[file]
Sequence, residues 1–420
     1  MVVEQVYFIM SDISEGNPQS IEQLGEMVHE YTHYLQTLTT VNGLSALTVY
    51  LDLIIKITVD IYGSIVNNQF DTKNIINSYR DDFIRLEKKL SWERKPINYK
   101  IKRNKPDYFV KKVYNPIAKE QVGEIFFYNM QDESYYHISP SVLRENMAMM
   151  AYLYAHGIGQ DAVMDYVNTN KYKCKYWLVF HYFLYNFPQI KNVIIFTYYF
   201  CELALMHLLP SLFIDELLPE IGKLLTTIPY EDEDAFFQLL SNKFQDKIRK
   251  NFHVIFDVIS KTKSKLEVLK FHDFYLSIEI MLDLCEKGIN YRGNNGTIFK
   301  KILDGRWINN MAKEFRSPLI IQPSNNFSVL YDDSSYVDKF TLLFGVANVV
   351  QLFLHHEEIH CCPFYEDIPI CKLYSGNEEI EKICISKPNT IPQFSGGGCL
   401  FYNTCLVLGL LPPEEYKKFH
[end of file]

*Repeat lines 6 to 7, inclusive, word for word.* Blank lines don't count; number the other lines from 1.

   201  CELALMHLLP SLFIDELLPE IGKLLTTIPY EDEDAFFQLL SNKFQDKIRK
   251  NFHVIFDVIS KTKSKLEVLK FHDFYLSIEI MLDLCEKGIN YRGNNGTIFK